So how do we assess the effect of the solomor?
What barometer do we use to measure it? Social? Economic? Political? Discussion centred on erosion of the family, for example, does little to advance debate and without demonstrable evidence to suggest a detrimental effect such pronouncements are effectively worthless. Existing studies have shown, however, that children born to ‘elective’ single mothers ( the term ‘elective’ here is an essential one) do slightly better in tests than other children and considerably better than those children of ‘unelective’ single mothers ( i.e. Those through divorce or unplanned pregnancies). And this point is important. Typically perceptions of single mothers tend to stem from the latter circumstances. Researchers at the University of Cambridge argue that that elective single mothers are a different proposition altogether for whereas an unelective single mother may face financial hardship ( for example, a drop in income) this situation is not faced by elective single mothers. Likewise stress deriving from an acrimonious split and anxiety surrounding a ‘changed’ financial and social future likewise do not affect them.
In Denmark this growing breed of financially secure solomors also benefit from social networks they have set up to support their community, a forum in which they can share experiences and discuss parenting problems. But it is not all good news. Academics at Copenhagen and the Minister for Education and Health warn that, although these women do a great job, they will not solve the greater problem of Denmark’s declining birth rate (currently at 1.9, which is below the replacement rate of 2.1). They suggest that men need to be educated about the fertility window for women. If current trends continue a question mark hangs over the future of Denmark’s population and economy. The wait until we are ready model is ultimately not sustainable. Men and women must be encouraged to not put off children until after completion of their studies (many Danes study until they are in their in 30s.) or for the sake of their careers but to manage these things together. This needn’t be a sacrifice. If partners are willing to cooperate and share the burden of parenting the goals of children, education and career are eminently doable. Indeed this point becomes more emphatic when one considers that Denmark has an enviable welfare state and a day care system with the highest unemployment rate among mothers in the world.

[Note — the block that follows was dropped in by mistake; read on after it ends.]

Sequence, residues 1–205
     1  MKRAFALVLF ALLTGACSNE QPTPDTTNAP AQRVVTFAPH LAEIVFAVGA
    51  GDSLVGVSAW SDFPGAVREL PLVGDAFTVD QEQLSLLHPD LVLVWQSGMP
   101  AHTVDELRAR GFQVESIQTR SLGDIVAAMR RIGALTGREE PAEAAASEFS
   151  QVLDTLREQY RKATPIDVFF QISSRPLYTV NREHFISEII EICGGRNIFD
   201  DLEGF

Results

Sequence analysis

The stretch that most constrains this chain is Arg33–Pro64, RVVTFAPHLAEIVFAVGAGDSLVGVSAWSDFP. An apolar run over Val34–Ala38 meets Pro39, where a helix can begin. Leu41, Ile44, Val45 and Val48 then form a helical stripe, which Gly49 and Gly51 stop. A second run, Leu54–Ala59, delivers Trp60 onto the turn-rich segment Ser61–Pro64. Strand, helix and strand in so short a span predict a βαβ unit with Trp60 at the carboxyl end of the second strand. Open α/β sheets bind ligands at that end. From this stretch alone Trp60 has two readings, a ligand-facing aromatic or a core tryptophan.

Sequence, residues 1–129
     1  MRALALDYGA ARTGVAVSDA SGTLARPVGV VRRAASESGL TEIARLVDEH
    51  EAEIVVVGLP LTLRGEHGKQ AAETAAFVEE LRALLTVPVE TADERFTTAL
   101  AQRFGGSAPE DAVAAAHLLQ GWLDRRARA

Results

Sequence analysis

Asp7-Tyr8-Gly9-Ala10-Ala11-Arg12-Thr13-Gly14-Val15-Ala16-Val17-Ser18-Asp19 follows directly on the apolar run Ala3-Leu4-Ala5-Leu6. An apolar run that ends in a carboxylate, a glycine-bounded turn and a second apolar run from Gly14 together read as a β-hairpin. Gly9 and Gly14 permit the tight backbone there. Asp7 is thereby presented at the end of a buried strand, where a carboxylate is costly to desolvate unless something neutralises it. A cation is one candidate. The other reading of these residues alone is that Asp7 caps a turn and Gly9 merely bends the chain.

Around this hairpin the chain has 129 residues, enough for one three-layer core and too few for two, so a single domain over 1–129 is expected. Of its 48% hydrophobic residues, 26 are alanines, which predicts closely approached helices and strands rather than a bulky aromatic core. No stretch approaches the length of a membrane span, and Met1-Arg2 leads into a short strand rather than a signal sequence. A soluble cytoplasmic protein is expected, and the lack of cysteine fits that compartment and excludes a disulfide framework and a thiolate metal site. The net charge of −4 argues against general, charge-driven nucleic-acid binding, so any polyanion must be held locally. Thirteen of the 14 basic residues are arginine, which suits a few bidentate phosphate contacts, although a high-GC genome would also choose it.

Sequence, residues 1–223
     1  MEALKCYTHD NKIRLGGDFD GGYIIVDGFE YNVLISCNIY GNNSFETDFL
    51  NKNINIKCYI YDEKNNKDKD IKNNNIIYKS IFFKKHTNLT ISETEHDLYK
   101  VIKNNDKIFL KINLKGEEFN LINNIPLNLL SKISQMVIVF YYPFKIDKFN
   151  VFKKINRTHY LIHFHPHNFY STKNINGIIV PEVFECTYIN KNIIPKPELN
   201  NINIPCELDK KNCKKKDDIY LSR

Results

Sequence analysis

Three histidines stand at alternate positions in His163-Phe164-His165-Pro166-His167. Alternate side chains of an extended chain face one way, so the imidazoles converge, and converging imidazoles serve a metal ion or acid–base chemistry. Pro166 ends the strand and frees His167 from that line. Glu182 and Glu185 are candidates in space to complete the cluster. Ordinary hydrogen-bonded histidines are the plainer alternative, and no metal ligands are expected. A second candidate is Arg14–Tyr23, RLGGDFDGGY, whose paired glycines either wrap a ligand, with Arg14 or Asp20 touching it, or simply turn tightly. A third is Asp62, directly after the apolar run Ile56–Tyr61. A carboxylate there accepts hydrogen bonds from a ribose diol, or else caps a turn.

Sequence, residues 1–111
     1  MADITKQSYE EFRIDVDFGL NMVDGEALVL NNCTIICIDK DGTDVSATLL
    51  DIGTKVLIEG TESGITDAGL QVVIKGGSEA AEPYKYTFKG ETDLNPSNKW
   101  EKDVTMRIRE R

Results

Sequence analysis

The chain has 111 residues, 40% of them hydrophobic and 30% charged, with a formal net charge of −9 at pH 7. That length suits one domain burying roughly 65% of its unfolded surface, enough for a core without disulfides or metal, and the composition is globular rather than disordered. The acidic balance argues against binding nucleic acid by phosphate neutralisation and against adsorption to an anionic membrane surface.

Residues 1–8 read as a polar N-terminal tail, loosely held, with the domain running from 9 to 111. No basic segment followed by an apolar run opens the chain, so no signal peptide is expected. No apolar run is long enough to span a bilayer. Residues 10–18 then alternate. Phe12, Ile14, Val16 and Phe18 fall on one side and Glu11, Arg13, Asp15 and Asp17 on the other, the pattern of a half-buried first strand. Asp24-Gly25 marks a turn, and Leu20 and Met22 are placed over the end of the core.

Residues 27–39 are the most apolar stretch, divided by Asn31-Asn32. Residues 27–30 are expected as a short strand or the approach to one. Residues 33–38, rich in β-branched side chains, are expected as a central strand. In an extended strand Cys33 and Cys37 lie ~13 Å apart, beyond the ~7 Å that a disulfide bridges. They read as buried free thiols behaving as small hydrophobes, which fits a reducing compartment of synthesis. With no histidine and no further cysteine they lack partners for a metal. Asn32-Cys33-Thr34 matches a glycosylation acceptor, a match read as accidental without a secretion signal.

This is not the end for men but an urge to begin again. For many of Denmark’s existing solomors they have not given up the prospect of finding a partner and perhaps a father for their child. They understand the role that dads have to play, they just haven’t found them yet.